We want to trust God, especially in the midst of the most difficult situations. When our kids are behaving badly and we don't know how to respond, when the funds in our checkbooks are low and the fuses are short in our marriage, we want to find a way to obey God's will in our relationships. This is what it means to be a holy family.

Another important aspect of living as a holy family involves repentance and prayer. Many of us recall the movie that defined today's definition of repentance: "Love means never having to say you're sorry." Oh, if this were only the case! If you and I are to have a holy and loving family, then the exact opposite is true.
Love means seeking and offering forgiveness on a regular basis. Love means not holding grudges and angers. Love means recognizing when I have wronged my spouse and making sure that our relationship hasn't been damaged. Repentance in a marriage is one of the most beautiful gifts from heaven. It softens the heart of the offended, and it heals the hurt in a relationship. We would all do well to practice repentance and forgiveness and to teach our children to do the same.

Being a holy family also means that we will find ways to pray together as a family. We find this difficult with our kids, especially our teenagers. But in the long run, short times of family prayer combined with family attendance and participation at Mass will have a positive impact on our children. One of my sons tries to wiggle out of Mass regularly, but this is one area where my wife and I refuse to negotiate. As Mother Teresa used to say, "The family that prays together stays together."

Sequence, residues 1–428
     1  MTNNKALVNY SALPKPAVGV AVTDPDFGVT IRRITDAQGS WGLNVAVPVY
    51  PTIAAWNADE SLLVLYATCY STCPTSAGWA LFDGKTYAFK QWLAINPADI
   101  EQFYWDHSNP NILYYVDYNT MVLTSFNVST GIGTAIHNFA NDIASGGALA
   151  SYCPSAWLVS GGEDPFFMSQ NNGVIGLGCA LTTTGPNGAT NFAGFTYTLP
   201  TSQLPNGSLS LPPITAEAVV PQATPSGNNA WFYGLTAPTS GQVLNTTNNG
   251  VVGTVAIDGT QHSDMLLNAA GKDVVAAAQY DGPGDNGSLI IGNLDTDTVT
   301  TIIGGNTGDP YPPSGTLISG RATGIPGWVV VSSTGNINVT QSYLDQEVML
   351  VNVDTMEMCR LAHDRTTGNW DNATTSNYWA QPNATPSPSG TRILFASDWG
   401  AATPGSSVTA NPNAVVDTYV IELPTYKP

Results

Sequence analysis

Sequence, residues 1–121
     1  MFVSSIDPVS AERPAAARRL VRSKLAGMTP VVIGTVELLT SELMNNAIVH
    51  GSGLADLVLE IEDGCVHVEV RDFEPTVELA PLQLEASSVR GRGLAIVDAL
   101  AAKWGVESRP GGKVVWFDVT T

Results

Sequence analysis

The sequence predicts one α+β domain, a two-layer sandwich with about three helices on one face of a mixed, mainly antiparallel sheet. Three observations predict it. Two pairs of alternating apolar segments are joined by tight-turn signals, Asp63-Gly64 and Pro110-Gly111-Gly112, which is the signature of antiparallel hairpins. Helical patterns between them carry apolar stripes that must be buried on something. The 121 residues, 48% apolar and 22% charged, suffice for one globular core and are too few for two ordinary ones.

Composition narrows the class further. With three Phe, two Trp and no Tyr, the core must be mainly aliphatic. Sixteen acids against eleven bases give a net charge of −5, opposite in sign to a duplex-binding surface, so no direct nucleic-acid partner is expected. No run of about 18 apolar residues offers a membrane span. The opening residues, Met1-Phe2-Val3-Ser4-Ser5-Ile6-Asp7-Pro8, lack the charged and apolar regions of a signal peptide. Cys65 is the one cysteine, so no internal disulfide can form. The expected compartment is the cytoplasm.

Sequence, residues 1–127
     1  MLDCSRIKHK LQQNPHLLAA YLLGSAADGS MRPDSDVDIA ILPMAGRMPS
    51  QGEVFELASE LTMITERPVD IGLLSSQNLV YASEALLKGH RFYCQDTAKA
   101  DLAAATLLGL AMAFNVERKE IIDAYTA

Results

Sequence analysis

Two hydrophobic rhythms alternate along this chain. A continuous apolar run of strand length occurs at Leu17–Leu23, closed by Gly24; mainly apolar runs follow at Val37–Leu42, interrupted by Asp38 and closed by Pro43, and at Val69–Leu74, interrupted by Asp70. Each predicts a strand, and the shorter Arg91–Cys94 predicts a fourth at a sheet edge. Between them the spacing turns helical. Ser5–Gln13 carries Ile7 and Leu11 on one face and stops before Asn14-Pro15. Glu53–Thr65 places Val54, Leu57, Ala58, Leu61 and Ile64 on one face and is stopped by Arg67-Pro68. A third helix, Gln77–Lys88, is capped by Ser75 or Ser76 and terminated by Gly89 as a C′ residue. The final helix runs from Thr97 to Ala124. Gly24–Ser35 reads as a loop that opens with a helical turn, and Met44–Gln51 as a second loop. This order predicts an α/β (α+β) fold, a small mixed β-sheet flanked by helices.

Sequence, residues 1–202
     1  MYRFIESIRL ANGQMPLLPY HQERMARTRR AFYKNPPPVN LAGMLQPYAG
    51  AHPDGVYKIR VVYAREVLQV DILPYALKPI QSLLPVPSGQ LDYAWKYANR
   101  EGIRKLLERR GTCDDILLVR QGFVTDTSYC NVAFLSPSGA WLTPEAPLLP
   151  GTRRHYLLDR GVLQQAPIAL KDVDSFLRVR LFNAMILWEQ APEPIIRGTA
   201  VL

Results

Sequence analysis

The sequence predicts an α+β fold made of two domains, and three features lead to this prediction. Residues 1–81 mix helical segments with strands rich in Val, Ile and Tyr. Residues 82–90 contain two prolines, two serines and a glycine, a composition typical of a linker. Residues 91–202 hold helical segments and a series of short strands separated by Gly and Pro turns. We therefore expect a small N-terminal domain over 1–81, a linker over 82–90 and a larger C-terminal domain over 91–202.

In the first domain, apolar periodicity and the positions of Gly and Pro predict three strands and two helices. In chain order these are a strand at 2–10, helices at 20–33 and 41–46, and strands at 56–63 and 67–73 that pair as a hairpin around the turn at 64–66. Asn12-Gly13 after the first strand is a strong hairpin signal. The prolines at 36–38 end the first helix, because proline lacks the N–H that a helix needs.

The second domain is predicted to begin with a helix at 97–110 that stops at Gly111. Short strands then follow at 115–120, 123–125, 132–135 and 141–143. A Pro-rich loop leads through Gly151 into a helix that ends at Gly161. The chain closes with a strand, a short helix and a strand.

Each Family Is Unique. I know some families who really are holy. One couple has raised six children, one of whom is disabled. During these last twenty-five years, they have encouraged each of their children, including their disabled daughter, to follow the Lord and to develop their unique gifts. Most importantly, their life and love witness to a vibrant faith.

I am a close friend of another couple who don't see eye to eye on a host of issues, but they too are holy. Both had been widowed, and combining two separate families into one was a real trial for them. They brought together different parenting philosophies and strategies for discipline, and sometimes their views conflicted severely. But because of their willingness to repent and forgive each other and because they sought God's way over their own, their children have experienced a beautiful home life.

A third couple is struggling with a strong-willed child. Even though they don't have any magic answers, they are trying to learn how to help their daughter. Her angry outbursts and moods can negatively affect the atmosphere of the whole family. However, this couple has told me that their daughter has taught them how much they need God as the foundation of their family. They too are a holy family.